First, let’s define dementia. Dementia is a chronic loss of cognitive functioning that interferes with a person’s daily life. This includes the ability to think, reason, and remember.
Geriatric Psychiatrists Can Diagnose Dementia With Different Types
The common types of dementia include:
- Alzheimer’s disease
- Frontotemporal dementia
- Lewy body dementia
- Vascular dementia
- Mixed dementia (a combination of two or more types of dementia)
Common Dementia Symptoms
Sign 1: Memory loss that affects day-to-day abilities,
Sign 2: Difficulty performing familiar tasks – cooking, managing bills, taking longer to complete tasks, etc.
Sign 3: Difficulty speaking, understanding, and expressing thoughts, or reading/writing
Sign 4: Disorientation to time and place, confusion, wandering, and getting lost
Sign 5: Poor judgment
Sign 6: Problems with abstract thinking
Sign 7: Misplacing things, forgetting where you put things
Sign 8: Changes in mood, behavior, and personality- being impulsive, not caring about others’ feelings
Sign 9: Withdrawal from social activity, losing interest
Sign 10: Loss of initiative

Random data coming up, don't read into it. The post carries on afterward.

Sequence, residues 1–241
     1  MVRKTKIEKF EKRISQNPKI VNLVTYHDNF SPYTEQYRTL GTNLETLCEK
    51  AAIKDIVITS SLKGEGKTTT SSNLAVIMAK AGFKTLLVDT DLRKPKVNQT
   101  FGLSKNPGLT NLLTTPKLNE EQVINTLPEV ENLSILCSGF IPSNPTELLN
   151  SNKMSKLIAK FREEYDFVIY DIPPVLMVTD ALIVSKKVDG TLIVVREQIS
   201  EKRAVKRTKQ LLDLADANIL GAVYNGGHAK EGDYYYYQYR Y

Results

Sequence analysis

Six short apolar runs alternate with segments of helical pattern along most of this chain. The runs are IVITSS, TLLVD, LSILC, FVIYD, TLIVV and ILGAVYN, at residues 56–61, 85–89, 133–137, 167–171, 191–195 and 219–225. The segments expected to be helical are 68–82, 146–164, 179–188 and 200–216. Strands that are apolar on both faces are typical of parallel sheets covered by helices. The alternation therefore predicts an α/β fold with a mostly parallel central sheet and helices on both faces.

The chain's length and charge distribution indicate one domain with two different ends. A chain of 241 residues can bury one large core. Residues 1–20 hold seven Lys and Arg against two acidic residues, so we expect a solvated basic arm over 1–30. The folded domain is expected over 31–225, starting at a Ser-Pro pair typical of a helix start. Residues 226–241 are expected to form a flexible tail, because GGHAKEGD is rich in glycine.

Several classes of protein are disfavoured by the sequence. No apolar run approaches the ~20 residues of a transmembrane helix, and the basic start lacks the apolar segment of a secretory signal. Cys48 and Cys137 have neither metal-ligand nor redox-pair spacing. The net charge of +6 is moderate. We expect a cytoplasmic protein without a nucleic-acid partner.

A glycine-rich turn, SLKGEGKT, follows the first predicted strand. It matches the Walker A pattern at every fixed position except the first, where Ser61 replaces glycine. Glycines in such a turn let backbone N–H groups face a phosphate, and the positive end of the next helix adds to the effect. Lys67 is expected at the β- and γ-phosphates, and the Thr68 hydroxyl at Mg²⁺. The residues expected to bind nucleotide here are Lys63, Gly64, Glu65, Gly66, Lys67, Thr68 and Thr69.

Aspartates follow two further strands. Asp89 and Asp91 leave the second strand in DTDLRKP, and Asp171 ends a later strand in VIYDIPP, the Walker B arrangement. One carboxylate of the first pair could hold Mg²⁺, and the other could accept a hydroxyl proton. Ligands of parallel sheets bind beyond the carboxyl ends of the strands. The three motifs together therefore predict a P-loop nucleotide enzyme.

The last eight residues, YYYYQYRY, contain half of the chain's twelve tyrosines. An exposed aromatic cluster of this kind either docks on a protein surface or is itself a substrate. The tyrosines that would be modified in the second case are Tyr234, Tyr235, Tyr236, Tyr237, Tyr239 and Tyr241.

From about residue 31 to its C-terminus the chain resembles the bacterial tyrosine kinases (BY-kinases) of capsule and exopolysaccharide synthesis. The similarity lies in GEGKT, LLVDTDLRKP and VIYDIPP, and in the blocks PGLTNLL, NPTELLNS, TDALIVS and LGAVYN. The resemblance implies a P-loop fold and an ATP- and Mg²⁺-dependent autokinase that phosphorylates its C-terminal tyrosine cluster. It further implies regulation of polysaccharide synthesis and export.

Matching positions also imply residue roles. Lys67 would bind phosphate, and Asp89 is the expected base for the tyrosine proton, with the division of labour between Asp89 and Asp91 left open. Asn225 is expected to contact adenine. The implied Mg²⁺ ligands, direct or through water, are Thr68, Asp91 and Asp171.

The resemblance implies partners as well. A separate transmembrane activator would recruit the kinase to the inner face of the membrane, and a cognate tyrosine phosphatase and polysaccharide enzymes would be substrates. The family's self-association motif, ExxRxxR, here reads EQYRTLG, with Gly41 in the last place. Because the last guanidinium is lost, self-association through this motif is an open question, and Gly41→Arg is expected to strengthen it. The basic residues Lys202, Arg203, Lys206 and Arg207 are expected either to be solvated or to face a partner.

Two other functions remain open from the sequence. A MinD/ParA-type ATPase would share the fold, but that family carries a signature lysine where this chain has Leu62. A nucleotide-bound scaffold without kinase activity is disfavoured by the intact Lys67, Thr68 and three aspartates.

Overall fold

If you experience several of these symptoms, it may be time to get evaluated.
Quick Guide to Dementia Memory Test
Upon the physician’s evaluation of your current symptoms and medical history, you may have to undergo any of these diagnostic tests for a more accurate diagnosis:
- Physical examination, including urine and blood tests
- Cognitive tests (Mini-Mental State Examination (MMSE) or the Mild Cognitive Impairment (MCI) screening)
- Laboratory tests (B12 serum level, complete blood count, TSH/thyroid hormone level, complete metabolic panel/heavy metal screening)
- Brain imaging techniques (usually via MRI (magnetic resonance imaging) scan)
- Genetic testing
For more information about dementia memory tests, read our guide here: How To Test for Dementia: Screening Guide for Dementia
Remember that diagnosing dementia and related mental health disorders like Alzheimer’s disease as early as possible is important to prevent them from progressing. If you or a loved one is showing early signs of dementia, please don’t hesitate to seek professional help from your primary care provider.